It’s the kind of brisk, newly pressed autumn day my mother would have chosen to recite the above lines. They’re from one of a dozen or so poems she knew by heart, along with Longfellow’s ‘The Children’s Hour’ and ‘Paul Revere’s Ride’ — verses that she had learned at the knee of her charismatic raconteur of a father. I always assumed that Longfellow had also penned ‘October’s Bright Blue Weather’ until a recent search for the poem revealed its author to be Longfellow contemporary and Emily Dickinson confidante Helen Hunt Jackson.
Born in Amherst in 1830, Helen Hunt Jackson went to school with Emily Dickinson and they remained life-long friends. Jackson went on to publish reams of poetry, children’s books, and novels, but she’s probably best known for two books that helped galvanize America’s awareness of the plight of Native Americans. A Century of Dishonor was a scathing indictment of state and federal policies — including the many broken treaties — that helped decimate Native American tribes across the country. She then turned to fiction to bolster her case, writing Ramona, the story of a mixed race orphan girl in Southern California, that became immensely popular at the time and has been reissued over 300 times since. Almost a century after it was published, it was read aloud to me and a classroom of enraptured school girls at story hour. It’s probably not great literature and, like her poetry, is often forced and overly schematic. Even her friend Emily Dickinson had to admit that Jackson “has the facts but not the phosphorescence.” Despite that, both Ramona and ‘October’s Bright Blue Weather’ are still remembered and — because they’re works I first heard as a child —remain dear to my heart. Here’s the poem in full:O suns and skies and clouds of June, And flowers of June together, Ye cannot rival for one hour October’s bright blue weather; When loud the bumblebee makes haste, Belated, thriftless vagrant, And goldenrod is dying fast, And lanes with grapes are fragrant; When gentians roll their fingers tight To save them for the morning, And chestnuts fall from satin burrs Without a sound of warning; When on the ground red apples lie In piles like jewels shining, And redder still on old stone walls Are leaves of woodbine twining; When all the lovely wayside things Their white-winged seeds are sowing, And in the fields still green and fair, Late aftermaths are growing; When springs run low, and on the brooks, In idle golden freighting, Bright leaves sink noiseless in the hush Of woods, for winter waiting; When comrades seek sweet country haunts, By twos and twos together, And count like misers, hour by hour, October’s bright blue weather. O sun and skies and flowers of June, Count all your boasts together, Love loveth best of all the year October’s bright blue weather.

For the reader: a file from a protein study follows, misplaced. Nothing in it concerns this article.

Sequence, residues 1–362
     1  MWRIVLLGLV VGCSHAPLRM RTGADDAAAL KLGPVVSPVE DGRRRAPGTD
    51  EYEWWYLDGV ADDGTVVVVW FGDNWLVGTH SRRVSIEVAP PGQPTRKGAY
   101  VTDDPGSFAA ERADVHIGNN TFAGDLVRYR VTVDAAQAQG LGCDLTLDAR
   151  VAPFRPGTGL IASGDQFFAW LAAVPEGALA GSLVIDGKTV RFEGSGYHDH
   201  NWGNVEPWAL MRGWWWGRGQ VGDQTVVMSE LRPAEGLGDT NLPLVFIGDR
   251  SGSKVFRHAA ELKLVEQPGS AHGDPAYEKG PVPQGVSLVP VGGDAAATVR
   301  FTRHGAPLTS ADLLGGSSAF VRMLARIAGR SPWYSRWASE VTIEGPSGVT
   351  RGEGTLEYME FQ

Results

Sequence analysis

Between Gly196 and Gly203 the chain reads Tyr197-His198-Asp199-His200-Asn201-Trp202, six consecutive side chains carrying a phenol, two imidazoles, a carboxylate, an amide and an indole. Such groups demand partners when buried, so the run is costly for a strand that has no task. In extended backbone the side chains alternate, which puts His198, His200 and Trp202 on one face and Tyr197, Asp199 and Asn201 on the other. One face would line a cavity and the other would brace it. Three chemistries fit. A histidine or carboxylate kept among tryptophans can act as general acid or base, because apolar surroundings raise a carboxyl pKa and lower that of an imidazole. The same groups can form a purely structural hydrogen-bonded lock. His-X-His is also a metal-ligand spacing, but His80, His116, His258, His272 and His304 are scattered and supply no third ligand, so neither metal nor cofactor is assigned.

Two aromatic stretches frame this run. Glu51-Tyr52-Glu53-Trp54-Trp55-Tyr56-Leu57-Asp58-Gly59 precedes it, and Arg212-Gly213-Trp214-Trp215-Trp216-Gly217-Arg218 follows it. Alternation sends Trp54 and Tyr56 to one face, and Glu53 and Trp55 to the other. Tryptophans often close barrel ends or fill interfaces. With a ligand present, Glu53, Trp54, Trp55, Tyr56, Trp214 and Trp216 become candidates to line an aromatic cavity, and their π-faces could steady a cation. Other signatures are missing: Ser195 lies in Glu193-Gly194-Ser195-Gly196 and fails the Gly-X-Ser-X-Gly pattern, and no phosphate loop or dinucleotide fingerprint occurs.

What a wonderful post! I knew nothing about Helen Hunt Jackson. I love the idea of your mother inheriting the poem from her father and reciting it to you every October.
And the line about “the facts but not the phosphorescence” is so inspiring, as are your extraordinary posts. Please keep them up!
Thanks, Ellen. The Dickinson line has become an instant favorite of mine!
Good old Helen Hunt Jackson!
Beautiful photos, Liza.
Of course you’d know Helen Hunt Jackson! Are they still reading her at story hour?
I’d never heard of Helen Hunt Jackson! Thank you Liza! And thank you for the wonderful poem and gorgeous photos!!
Thanks so much, Mary. I’m looking forward to seeing you soon!
Thank you Liza, as always. I depend on your marvelous blog, and this charming entry takes the edge off what I will always view as the sad season. Of course, you also provide an edge — with Dickinson’s 6-word review. Ouch.
Thanks, Bucky. Ouch, indeed! Old Emily didn’t pull any punches which is one of the many things I admire about her.
What a precious memory. Could she recite the whole poem? I don’t remember how far she could take it. So nice to see the whole magnificent poem — along with this perfectly time essay. Not all that much of October left to us.
She had quite an amazing memory. Once she got going, she could generally rattle off the whole thing, though I think she dropped the “Ye” that starts the 3rd line which is actually an improvement.
just came home from a wonderful October weekend: a walk on the tightly packed sand at the ocean at low tide to a stroll past the red, red vines wrapped around the trees leading to the bay; and a ride back home past a field of pumpkins stacked as high as possible without toppling over…some of the pleasures of Autumn!
Thanks, Liza, your memories help me create my memories.
Thanks so much for this lovely report from the beach, Annette. What a beautiful fall it’s been everywhere!
Fun to be reminded of that poem, and of your mother! October is truly a beautiful month, and this one has been as good as they get.
Thanks so much for writing, Dirk. So nice to have you remember my mother.
I wasn’t familiar with this poem and just love it. My Mother’s birthday was in October, and I now I wonder if she ever heard/read it. She would have loved it – but I have a grandaughter and two sisters-in-law with October birthdays, and I think I’ll include it in their cards!
What a lovely idea to include the poem in your birthday cards!